With all the changes in my life 2011-2014, there came a point where I realized that I’d like to carry the same phone number with me. Fortunately, my family’s historical phone number from 1972 had just been given up a few months before by my ex-wife, and since my name was still on the account, I re-registered it. I then ported it to a local VoIP provider, les.net. I used a Grandstream VoIP adapter and a 5-set Vtech Cordless telephone system. It was great having a handset in most areas of my house! That worked well, and I took the VoIP phone (and that number) with me to Phoenix, then back to Winnipeg. In between, I added a Phoenix VoIP number, then a teleconference system, all through Les.net.
In the meantime, I also put a Grandstream VoIP adapter at my mom’s place, and used an old 2-phone Cordless set that she had. It wasn’t intended to take incoming calls, just was for making less expensive long distance calls. She loved it and used it all the time.
The call quality on les.net was never as good as with a “real” landline. True, it was very inexpensive, and I liked supporting local businesses, but there were significant call voice delays that drove me crazy. I put up with it, because I didn’t use it all that much, and it was cheap.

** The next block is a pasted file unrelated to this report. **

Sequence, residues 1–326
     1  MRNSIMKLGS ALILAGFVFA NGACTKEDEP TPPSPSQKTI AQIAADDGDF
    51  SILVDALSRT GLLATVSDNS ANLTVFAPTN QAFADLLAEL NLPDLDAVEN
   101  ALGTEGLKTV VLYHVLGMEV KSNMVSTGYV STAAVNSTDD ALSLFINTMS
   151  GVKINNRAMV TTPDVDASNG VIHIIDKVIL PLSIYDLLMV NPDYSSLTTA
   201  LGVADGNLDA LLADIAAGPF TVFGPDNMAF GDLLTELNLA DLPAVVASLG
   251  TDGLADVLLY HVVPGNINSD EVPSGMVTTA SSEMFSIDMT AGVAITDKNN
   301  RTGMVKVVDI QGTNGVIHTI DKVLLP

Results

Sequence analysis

When I moved back to Winnipeg in 2017, I ported my US cell phone number to Les.net, and got a new Manitoba cell phone number. Of course, I kept my original family phone number as well. The rationale was that people would continue to reach me the same way they did before. It worked well!
I really wanted to use SMS on that former US cell phone number. Les.net could do that, but only through a web page, which you had to refresh constantly.
Another service that I found, VoIP.ms, supported SMS through an Android app. I tried it. It was even easier to set up and use, had points of presence all over North America (it can be useful to keep your point-of-presence near the location of the area code your number is in), and ended up having much better call quality!
So now I’ve moved all my VoIP lines over to VoIP.ms… and I use them all the time. Calling France? Yes, use my VoIP line. Getting calls from headhunters in the US? Yes, use my VoIP line. SMS to and from my friends back in Phoenix? You guessed it 🙂